• Episodes of Breathing Cessation: Repeated pauses in breathing during sleep, often noticed by a bed partner. These episodes, known as apneas, can last from a few seconds to a minute or more.
  • Gasping or Choking During Sleep: Sudden awakenings accompanied by gasping or choking, as the body reacts to the lack of oxygen and attempts to reopen the airway.
  • Excessive Daytime Sleepiness: Feeling excessively sleepy during the day, even after a full night’s sleep. This symptom is due to the frequent interruptions in sleep quality caused by apneas.
  • Morning Headache: Waking up with a headache, which is often due to changes in oxygen and carbon dioxide levels in the blood during apneas.
  • Difficulty Concentrating: Trouble focusing, remembering things, or maintaining attention during the day, often related to the poor quality of sleep.
  • Irritability or Mood Changes: Increased irritability, mood swings, or symptoms of depression, which can result from chronic sleep deprivation.
  • Dry Mouth or Sore Throat Upon Waking: Waking up with a dry mouth or sore throat, typically caused by breathing through the mouth during sleep.
  • Frequent Nighttime Urination (Nocturia): Waking up frequently during the night to urinate. This can be a result of the body’s response to the breathing pauses during sleep.
  • Insomnia: Difficulty falling asleep or staying asleep, often due to the frequent awakenings caused by apneas.
  • Restless Sleep: Frequent tossing and turning during the night, with an overall feeling of restlessness.
  • Witnessed Apneas: Observations by a bed partner of periodic pauses in breathing during sleep.
  • Night Sweats: Excessive sweating during sleep, which can be a reaction to the stress of struggling to breathe.

Note: Recognizing these symptoms can help in identifying sleep apnea and seeking appropriate medical evaluation and treatment to improve sleep quality and overall health.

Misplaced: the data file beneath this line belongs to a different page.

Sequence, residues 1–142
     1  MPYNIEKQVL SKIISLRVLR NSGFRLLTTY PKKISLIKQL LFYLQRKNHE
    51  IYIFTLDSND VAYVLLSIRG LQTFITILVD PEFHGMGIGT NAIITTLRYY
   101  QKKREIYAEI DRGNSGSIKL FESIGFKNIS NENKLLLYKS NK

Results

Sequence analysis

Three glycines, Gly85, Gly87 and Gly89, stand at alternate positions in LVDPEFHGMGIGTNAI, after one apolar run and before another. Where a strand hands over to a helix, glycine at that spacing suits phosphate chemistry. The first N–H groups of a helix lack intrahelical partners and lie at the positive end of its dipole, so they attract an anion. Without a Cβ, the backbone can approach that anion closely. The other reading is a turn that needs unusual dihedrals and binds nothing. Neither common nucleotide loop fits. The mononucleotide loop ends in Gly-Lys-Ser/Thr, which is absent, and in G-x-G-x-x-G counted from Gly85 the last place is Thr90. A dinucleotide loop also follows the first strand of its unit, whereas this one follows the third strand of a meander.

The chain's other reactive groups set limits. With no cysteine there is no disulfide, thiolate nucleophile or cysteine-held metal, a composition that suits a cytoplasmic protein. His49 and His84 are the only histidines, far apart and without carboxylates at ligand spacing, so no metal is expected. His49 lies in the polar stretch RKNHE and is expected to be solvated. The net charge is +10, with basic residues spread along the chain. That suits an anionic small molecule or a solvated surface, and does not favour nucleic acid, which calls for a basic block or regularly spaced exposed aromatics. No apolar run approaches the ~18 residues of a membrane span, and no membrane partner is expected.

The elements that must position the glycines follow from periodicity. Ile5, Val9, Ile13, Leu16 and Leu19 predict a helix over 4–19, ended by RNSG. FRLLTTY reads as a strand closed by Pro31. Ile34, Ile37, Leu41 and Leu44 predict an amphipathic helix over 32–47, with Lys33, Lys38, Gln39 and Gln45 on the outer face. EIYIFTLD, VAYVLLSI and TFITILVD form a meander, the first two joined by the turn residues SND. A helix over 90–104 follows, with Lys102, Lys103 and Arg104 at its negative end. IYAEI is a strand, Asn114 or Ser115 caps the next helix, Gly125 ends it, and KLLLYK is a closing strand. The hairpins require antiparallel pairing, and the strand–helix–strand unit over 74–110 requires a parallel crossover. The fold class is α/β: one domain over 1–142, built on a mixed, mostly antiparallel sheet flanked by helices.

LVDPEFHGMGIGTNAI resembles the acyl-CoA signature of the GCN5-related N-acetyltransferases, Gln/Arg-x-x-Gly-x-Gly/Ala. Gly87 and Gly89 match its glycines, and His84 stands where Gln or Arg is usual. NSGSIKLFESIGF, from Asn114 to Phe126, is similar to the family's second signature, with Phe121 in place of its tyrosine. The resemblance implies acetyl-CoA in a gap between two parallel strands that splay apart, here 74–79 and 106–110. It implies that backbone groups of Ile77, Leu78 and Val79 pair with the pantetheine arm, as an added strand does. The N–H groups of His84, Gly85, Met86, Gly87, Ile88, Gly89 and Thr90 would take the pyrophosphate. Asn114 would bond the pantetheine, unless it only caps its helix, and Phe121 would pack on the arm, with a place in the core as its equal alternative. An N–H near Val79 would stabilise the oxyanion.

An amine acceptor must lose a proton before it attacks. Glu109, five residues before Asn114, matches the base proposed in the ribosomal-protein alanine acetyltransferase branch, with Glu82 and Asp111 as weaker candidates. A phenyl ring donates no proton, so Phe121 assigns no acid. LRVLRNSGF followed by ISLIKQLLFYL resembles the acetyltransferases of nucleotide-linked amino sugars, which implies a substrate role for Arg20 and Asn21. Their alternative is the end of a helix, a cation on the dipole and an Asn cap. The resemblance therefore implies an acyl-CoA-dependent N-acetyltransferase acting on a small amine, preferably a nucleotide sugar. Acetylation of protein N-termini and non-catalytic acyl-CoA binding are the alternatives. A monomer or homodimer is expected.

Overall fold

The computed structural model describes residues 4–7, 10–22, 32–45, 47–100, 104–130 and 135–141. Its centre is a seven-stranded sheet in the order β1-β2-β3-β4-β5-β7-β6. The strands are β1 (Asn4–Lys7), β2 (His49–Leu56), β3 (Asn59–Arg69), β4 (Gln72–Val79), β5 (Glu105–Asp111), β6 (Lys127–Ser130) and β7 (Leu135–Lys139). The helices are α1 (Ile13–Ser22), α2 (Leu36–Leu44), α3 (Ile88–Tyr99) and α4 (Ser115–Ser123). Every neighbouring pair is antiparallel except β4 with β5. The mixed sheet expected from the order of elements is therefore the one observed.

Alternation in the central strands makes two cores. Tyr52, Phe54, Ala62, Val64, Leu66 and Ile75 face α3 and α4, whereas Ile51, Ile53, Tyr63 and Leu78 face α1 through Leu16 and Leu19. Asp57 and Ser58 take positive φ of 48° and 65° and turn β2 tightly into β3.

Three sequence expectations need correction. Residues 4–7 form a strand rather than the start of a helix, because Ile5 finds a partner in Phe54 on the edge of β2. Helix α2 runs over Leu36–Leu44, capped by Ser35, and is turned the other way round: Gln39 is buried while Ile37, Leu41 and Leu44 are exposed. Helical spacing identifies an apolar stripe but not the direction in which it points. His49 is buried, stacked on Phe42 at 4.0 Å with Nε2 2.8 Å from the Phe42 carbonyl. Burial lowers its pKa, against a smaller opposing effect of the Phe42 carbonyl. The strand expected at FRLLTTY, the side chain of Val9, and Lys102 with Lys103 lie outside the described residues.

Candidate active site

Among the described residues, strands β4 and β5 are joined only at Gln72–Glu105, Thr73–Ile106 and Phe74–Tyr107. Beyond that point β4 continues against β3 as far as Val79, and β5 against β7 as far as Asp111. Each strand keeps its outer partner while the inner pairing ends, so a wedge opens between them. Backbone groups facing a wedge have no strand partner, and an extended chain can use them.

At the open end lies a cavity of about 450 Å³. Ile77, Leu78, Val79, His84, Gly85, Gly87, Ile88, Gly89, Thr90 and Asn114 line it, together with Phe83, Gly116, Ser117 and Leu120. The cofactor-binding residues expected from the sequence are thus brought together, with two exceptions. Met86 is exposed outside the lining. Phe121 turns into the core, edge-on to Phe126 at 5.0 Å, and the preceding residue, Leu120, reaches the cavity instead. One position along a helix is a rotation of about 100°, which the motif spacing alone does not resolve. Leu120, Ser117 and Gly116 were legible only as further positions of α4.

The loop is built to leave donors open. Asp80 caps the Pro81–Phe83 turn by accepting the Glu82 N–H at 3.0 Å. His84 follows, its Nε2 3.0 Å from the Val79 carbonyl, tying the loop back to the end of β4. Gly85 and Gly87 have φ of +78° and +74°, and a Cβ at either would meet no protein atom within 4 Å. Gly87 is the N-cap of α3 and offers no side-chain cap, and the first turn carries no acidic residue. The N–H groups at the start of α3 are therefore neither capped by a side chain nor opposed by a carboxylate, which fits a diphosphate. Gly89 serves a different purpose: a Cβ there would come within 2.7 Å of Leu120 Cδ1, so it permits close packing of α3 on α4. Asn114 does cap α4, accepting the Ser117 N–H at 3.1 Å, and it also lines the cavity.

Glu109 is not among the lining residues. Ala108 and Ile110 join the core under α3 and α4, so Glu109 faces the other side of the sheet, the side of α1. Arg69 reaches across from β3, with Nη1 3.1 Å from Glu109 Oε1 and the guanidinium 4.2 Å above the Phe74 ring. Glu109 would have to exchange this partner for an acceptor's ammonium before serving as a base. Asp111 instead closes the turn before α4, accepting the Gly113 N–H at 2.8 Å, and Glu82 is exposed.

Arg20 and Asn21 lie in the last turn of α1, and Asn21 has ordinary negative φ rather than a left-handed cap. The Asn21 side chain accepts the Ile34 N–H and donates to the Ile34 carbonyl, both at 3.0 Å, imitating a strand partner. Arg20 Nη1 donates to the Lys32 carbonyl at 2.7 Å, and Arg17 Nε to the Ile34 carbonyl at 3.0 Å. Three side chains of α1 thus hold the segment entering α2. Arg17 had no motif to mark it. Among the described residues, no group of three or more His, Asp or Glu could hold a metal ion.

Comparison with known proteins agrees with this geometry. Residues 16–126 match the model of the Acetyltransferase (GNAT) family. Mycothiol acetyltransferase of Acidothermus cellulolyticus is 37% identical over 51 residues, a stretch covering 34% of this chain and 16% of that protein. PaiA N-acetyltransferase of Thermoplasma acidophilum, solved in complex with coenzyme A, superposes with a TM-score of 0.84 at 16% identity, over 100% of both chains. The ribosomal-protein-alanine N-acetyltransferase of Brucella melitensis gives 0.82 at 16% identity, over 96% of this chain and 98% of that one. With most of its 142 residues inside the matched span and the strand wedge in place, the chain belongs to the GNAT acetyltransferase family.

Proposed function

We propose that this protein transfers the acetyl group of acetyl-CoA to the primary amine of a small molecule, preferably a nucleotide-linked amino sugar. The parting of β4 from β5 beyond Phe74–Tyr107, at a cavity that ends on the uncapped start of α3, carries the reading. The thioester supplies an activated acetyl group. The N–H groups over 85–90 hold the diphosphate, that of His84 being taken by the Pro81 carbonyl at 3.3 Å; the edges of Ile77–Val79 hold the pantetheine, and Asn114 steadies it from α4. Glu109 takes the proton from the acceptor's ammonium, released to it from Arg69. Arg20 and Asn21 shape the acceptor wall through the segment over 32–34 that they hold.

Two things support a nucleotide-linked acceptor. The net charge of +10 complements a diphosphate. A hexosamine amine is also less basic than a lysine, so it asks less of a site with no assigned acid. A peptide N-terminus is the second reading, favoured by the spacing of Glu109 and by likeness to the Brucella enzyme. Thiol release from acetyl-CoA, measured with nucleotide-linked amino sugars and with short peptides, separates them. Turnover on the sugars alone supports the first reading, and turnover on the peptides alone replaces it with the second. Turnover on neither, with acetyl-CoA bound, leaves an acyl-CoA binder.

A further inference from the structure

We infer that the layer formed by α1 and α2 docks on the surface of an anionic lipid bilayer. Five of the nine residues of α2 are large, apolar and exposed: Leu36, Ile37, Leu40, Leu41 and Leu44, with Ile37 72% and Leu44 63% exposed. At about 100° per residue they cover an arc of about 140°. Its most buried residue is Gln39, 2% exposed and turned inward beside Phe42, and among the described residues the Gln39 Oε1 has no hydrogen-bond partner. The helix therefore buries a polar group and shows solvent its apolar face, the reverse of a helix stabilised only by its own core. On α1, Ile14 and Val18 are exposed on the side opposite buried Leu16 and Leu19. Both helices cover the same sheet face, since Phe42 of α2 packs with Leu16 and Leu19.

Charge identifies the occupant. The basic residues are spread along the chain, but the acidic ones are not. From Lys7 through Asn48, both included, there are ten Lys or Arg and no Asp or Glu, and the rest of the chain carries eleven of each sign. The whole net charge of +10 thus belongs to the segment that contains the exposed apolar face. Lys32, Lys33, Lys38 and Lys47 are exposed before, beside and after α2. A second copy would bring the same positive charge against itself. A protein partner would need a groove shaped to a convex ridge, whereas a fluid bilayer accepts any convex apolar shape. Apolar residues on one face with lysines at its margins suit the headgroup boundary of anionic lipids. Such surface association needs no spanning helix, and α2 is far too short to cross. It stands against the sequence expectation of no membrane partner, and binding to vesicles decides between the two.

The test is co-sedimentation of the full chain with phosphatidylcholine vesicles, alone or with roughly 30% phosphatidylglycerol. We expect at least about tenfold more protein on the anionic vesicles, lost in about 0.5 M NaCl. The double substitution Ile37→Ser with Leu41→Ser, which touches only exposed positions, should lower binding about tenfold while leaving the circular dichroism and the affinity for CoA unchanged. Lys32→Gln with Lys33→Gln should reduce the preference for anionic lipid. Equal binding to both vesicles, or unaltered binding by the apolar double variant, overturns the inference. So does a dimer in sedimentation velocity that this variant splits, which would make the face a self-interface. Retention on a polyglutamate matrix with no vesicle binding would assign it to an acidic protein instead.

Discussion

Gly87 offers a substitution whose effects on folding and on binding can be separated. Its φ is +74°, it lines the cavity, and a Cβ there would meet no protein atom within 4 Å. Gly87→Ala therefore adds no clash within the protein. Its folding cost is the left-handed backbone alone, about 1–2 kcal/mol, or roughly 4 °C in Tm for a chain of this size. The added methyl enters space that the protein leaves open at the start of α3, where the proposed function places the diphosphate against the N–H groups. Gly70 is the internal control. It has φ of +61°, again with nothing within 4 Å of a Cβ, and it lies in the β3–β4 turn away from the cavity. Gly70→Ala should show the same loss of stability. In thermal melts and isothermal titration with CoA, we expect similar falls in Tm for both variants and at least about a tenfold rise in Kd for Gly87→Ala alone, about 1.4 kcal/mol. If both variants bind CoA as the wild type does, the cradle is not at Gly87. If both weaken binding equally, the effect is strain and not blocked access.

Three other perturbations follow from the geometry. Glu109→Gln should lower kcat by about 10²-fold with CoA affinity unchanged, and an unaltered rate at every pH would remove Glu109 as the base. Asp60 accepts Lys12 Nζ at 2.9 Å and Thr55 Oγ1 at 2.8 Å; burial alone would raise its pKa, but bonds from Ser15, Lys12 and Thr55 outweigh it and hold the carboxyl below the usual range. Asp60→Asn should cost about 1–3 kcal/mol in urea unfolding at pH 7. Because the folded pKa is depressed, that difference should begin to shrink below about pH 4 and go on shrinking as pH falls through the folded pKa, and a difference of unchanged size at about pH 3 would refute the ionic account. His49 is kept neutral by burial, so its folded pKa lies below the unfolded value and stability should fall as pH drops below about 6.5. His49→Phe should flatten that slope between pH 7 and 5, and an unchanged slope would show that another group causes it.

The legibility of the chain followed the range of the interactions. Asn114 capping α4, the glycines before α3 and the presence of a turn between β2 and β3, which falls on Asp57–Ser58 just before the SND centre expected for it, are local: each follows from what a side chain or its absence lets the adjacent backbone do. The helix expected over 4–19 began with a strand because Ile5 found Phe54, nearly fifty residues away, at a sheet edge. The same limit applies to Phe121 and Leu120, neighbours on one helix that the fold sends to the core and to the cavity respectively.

Sleep Apnea Diagnosis

Diagnosing sleep apnea involves a comprehensive evaluation by a healthcare provider, often a sleep specialist.

The process typically includes the following steps:

  • Medical History and Symptom Review: The healthcare provider will take a detailed medical history and review the symptoms. This includes asking about sleep habits, daytime sleepiness, snoring, and any observed apneas or gasping during sleep. The provider may also inquire about risk factors such as obesity, family history, and lifestyle factors.
  • Physical Examination: A physical exam may be conducted to check for anatomical features that might contribute to sleep apnea, such as large tonsils, a large neck circumference, or nasal obstruction. The provider may also check for signs of other medical conditions related to sleep apnea, such as high blood pressure.
  • Questionnaires and Sleep Diaries: Patients may be asked to complete questionnaires that assess the severity of sleepiness and the impact of sleep apnea on daily life. Common questionnaires include the Epworth Sleepiness Scale and the Berlin Questionnaire. Keeping a sleep diary for one to two weeks can provide additional insight into sleep patterns and symptoms.